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While I think gays are missing out (tho' the other option is always a challenge), their personal choices are theirs alone. I admire this man for what he did professionally (nice Wikipedia link). Shame on England for taking so long to correct the grave injustice they were responsible for. Thanks for sharing!!!

 
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It's a pity we don't hold this guy as a national treasure.

He's one of the fundamental creators of modern computing, and yet we can't even seem to properly fund the museum that was created in memorial of him.

 
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Interesting article. Anyone who loves programming will appreciate this guy's work and the term 'turing complete' comes from this guy.

Reading about how those Enigma machines used to work to roll out/crack codes was fascinating.

In regards, to his sexuality... Yeah, pretty much in everyday life we don't pay much attention or concern to such matters. Mostly, it is talked about with disgust or perversion and with a sense of ridicule. There is still apparently some debate as to whether it is nature or nurture -(I don't want to open up a flame war thread). However, if you know anyone who is gay/lesbian (friend/family) you will know who they are is certainly no choice or trivial matter.

Luckily, I'll never have to endure such hostility as a straight man. But I do feel sorry for them.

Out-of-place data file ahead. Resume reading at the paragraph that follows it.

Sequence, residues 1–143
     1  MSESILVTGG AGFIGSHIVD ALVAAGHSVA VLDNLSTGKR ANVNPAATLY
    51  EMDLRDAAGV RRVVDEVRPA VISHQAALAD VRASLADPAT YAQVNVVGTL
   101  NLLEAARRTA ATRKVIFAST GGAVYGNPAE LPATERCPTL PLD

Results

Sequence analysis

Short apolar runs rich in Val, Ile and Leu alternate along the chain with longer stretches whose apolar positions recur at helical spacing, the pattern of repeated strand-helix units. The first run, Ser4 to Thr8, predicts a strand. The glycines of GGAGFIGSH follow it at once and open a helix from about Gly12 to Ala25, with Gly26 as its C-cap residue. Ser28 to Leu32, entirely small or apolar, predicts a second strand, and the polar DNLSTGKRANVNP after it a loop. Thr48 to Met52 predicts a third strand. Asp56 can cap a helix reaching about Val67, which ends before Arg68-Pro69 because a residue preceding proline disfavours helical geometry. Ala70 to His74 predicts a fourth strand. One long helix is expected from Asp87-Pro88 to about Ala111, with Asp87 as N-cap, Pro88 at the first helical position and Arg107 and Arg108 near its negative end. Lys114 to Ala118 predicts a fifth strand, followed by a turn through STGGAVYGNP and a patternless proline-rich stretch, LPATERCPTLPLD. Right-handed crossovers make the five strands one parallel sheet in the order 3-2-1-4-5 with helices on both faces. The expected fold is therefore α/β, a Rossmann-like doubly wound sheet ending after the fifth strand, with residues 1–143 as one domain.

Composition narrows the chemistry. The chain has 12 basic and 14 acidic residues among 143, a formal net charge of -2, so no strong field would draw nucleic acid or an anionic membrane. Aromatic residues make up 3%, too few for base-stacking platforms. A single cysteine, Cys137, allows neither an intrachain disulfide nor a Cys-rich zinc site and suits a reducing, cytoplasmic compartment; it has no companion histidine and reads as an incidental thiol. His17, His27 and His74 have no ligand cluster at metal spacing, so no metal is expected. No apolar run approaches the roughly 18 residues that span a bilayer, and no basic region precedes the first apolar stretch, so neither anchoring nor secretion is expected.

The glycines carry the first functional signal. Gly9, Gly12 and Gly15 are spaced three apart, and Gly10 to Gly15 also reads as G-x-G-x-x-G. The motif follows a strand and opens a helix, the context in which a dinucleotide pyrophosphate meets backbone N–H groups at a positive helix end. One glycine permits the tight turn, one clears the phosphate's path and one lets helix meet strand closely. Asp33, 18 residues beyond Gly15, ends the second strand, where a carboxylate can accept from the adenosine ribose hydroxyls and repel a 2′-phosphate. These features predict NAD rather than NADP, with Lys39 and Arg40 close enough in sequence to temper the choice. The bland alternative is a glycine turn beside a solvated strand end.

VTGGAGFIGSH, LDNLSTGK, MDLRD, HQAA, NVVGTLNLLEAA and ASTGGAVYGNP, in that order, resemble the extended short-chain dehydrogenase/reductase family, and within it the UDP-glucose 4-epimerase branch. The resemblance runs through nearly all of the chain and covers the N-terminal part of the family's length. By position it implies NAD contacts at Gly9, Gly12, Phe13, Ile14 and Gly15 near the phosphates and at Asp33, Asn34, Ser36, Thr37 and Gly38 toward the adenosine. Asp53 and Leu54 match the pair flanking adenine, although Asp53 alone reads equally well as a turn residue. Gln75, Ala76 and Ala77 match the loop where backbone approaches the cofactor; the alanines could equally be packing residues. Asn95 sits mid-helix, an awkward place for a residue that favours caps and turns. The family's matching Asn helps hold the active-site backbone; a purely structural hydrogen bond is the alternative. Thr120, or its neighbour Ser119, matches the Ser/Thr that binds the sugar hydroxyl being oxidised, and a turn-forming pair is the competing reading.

And for those who are open to looking at things from their POV to help understand their plight try checking out the following youtube vid. Puts things in perspective.

http://www.youtube.com/watch?v=3ROXTFfkcfo

 
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If you get the chance, a very detailed an interesting book by Jack Copeland is "Colossus: The Secrets Of Bletchley Park's Code-Breaking Computers"

 
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Turing was a great man, and who knows what he would have accomplished with more time.

That said, even today people who don't have the politically correct sexual orientation are considered security risks. The problem is that there is still a stigma attached to homosexuality. This makes homosexuals more vulnerable to various kinds of blackmail.

Today we see more and more big names coming out of the closet, and some are quite proud of it. And well should be. But they are the tip of the iceberg. There are still a lot of people who would rather pay, or even die rather than have their secret come out.

I don't think the general public will ever know all of the details of espionage and counter-espionage agencies' activities during the cold war, but I would be willing to bet that homosexuals were considered easy targets. Possibly because of the way that the Turing travesty turned out.

 
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I've been studying computing theory and so I've learned about Turing's work recently. Turing machines are one of the most fascinating things to exist in the world of computer science... Turing contributed some really amazing things, it's a shame things happened like they did. But at the same time, we have to move on and instead of wondering what more he could have done, we have to set out to do so ourselves. That being said, good on them for finally pardoning him for a crime that, IMO, shouldn't have been a crime in the first place.